One of the biggest questions regarding space is whether we are alone in the expanding universe. So far, despite being able to make it out into space, nobody has been able to find evidence of alien life. Astronomer Jill Tarter predicted that Earth will be able to find alien life by the end of the century.
There still hasn't been any evidence of alien life discovered yet.
By The End Of The Century
Jill Tarter is known for her work with SETI Institute, which stands for search for extraterrestrial intelligence. On Saturday, March 24, Tarter spoke at the Florida Institute of Technology's Cross-Cultural Management Summit in Orlando as the closing speaker. Tarter stated that she believes humans will find life beyond Earth by the end of this century.
She believes that it will be right here in Earth's solar system. Tarter adds that scientists will be able to find biomarkers on planets and moons. There are signs that there is or may have been life in some places at some points.
Tarter refers to the search for extraterrestrial life as an ancient question that scientists have been trying to answer for a very long time. She referred to the fact that there are more planets than stars in the Milky Way, thanks to the research done by the Kepler space telescope.
A Cosmic Perspective
Tarter's address is called A Cosmic Perspective: Searching For Aliens, Finding Ourselves. She is going to be delivering 75 speeches regarding the search for alien life in order to fundraise upgrades for the Allen Telescope Array. Scientists have been able to find new planets through the galaxy by using it to look for life in 20,000 nearby stars.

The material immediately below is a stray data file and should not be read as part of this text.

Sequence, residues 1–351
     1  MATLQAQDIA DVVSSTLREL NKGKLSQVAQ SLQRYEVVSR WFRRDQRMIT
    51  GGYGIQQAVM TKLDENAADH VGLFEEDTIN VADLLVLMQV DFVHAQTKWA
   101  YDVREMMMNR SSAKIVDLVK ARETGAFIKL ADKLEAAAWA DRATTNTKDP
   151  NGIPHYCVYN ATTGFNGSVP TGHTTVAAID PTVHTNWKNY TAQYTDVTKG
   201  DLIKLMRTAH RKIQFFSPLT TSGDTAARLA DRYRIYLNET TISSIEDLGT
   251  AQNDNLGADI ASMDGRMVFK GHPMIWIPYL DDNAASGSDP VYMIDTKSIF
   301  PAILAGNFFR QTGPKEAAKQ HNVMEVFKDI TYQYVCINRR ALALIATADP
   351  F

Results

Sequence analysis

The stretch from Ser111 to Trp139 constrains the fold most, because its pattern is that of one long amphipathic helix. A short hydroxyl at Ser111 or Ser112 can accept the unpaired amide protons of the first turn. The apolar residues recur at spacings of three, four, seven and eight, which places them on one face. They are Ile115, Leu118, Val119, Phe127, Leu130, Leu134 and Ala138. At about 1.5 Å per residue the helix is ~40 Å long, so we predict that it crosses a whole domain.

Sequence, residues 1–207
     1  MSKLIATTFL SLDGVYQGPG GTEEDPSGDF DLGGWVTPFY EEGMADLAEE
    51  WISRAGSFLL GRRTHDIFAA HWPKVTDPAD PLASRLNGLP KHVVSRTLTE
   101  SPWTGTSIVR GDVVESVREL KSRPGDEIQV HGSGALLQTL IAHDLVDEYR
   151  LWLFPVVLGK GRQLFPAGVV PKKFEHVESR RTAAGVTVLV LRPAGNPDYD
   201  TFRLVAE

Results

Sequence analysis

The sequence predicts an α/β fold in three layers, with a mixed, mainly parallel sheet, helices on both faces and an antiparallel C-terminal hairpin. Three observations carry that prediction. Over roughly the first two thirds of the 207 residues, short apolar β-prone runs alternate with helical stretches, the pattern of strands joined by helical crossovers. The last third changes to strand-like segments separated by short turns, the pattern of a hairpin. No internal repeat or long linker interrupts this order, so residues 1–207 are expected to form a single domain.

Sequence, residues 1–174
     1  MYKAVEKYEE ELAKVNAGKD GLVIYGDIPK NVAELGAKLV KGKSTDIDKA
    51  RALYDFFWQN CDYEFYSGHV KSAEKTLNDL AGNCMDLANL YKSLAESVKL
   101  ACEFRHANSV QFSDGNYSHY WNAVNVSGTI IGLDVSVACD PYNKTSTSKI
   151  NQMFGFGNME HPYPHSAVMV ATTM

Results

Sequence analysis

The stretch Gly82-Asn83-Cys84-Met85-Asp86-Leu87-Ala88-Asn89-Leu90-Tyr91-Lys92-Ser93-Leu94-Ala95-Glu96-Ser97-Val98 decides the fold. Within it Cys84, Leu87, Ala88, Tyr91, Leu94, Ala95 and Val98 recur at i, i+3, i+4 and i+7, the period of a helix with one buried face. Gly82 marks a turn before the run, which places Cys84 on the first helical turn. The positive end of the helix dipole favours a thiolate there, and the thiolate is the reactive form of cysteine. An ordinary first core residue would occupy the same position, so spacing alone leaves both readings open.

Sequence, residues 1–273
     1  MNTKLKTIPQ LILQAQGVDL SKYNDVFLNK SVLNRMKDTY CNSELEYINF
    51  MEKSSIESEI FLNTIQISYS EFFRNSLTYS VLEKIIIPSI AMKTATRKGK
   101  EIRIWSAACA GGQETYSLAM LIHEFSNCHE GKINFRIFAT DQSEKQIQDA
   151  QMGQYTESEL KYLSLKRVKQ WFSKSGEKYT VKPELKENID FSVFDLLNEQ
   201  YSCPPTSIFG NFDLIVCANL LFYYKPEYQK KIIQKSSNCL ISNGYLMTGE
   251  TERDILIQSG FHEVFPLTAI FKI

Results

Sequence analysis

Those upgrades will allow the Allen Telescope Array to have better receivers that are more sensitive than the ones found at the moment. Currently, work is done on half of the feeds, according to Tarter after her speech.
Tarter added that the SETI Institute will be installing the first prototypes of the Laser SETI at the Lick Observatory near San Jose, California. Laser SETI is a project to install specialized cameras throughout the world to search for laser flashes from deep space.
She added that the goal is to build a series of 96 cameras that are placed in 12 sites around the globe. They will be able to work in optical and infrared, the cameras will be looking up at the skies at all times.